The ‘intangible’ wrecking your IT projects

Why has IT so far failed to deliver what the business needs? It’s time to look beyond the blockbuster strategies and instead elevate the importance of something that has been massively underestimated in the development of corporate technology.

Given the length of time that computers have been used within business, IT should be a highly mature business function delivering efficiencies and solutions as a seamlessly integral element of the business.  Yet, despite the investment of time and finances, IT still remains something of a rogue, self-serving element within the organisation.  The fact that we hear so often about attempts to align or converge IT with the business is testament to the fact that this division is real: IT is all too often out of sync with the rest of the organisation.

Businesses have tried to tackle this issue in myriad ways, with projects to ‘align’ IT with the business popular in the early 1990s.  When attempts to bring IT closer to the rest of the business failed, organisations reacted by outsourcing all or part of the IT function. This too failed, as businesses realised that an outsourced supplier was even less inclined to tow the corporate line than the incumbent in-house team.  IT was duly brought back in-house. 

But this did nothing to end the disharmony.  Business units frustrated by the still inflexible technology offered by their IT department have side-stepped it, employing their own hardware and sourcing cloud services as part of the Shadow IT movement.  This is made business IT even more fragmented and ineffective.  Yes, Shadow IT may help departments tackle minor IT troubles, but it moves us even further from building the kind of company-wide, ultra-effective IT that will eventually give companies competitive advantage.

So what is the next step for CEOs who wish to end this damaging cyclical war between business and IT?  The starting point is to take a different approach and instead of looking at the big projects that monopolise attention, think in more human terms.

It’s about people
When it comes to business priorities, people are often labelled as a ‘soft’ issue.  Yet if you think about it logically, passionate, creative and hard-working people are not only the key driver behind any successful business, they are the bedrock on which every high performing business has been built upon.

Step one to unlocking the potential of business technology is to stop considering people as a ‘soft’ issue not worthy of attention.  Business leaders that focus on people will not only take a significant step towards unshackling IT, they will also find that many other areas of the business will benefit.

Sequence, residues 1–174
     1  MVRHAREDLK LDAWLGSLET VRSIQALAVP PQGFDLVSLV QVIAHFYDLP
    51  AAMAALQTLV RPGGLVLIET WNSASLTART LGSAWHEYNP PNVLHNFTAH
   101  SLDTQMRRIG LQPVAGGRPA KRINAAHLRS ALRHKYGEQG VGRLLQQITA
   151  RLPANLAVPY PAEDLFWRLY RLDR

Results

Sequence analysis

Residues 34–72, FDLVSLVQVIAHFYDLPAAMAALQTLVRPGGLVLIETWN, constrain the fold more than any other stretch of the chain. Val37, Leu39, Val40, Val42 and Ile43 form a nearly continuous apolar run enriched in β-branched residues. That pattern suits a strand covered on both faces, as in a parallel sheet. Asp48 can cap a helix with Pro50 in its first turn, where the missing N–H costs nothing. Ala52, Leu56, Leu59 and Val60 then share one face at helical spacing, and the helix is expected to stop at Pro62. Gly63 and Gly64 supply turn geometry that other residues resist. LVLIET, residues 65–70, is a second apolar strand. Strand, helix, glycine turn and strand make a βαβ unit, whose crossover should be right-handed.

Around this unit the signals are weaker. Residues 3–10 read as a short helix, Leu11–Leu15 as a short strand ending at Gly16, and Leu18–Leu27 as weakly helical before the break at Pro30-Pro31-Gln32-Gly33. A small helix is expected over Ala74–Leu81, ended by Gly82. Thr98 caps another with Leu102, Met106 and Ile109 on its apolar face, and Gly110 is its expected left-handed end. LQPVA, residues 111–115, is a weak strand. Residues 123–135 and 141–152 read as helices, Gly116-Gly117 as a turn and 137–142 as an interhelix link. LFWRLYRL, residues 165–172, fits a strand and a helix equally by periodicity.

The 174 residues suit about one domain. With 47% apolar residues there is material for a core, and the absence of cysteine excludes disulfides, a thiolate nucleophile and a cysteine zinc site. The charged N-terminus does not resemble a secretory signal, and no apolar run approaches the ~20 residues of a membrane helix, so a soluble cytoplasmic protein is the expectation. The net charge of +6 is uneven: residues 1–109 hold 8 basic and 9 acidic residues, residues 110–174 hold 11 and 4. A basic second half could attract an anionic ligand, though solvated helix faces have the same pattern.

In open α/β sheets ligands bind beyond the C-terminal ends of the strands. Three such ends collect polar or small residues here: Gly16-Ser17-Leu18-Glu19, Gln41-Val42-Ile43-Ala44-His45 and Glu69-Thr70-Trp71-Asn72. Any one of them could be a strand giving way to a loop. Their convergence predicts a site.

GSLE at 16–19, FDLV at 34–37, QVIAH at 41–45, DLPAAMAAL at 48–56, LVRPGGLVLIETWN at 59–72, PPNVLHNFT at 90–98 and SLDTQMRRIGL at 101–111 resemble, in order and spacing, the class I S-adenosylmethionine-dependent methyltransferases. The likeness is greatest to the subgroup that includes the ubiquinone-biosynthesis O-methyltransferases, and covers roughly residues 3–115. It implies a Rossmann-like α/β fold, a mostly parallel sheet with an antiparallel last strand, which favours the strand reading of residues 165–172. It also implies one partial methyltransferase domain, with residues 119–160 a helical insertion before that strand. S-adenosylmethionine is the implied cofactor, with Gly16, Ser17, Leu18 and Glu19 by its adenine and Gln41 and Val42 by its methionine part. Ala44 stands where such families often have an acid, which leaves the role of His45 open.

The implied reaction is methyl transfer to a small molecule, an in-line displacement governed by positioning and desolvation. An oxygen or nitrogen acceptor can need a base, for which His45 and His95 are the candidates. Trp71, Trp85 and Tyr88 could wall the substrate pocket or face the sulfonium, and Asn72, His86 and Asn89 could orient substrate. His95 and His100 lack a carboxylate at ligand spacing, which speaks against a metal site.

The problem with prioritising people is that there is no rule book, specific case study, product or process that you can buy that will offer definitive guidance.  It is this lack of tangible resources that means that people are labelled a soft issue despite being perhaps the most critical factor defining the success of a business. 

The best reference asset we currently have is Business Relationship Management (BRM).  This movement has its origins in ITIL, the process framework written in the 1980s by the UK government, designed to create a common method for building and supporting IT services.  As ITIL gained recognition, a realisation grew that the importance of people was massively underestimated and under-represented and so BRM was born. 

Designed to offer a framework and common language to understanding people and their relationships, BRM is proving to be incredibly popular within organisations that are waking up to the fact they will never unlock the potential of IT by buying more technology or implementing a new process.

Business leaders must do a better job understanding relationships, how they influence the business and begin to positively influence the connection.

BRM is by no means exhaustive.  Like the framework that it spun out of and various initiatives before, BRM will not offer a definitive answer to solve an organisations IT problems.  But what it does present is a starting point, a chance to understand and dissect how relationships work, and ultimately a path to bring people to the fore of our business strategies.

If you want help understanding BRM: what it is, how it can help your organisation, and steps to begin making it work within your business, we have produced a Beginners Guide to BRM which you can download for free by clicking the link.


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Simon Kent
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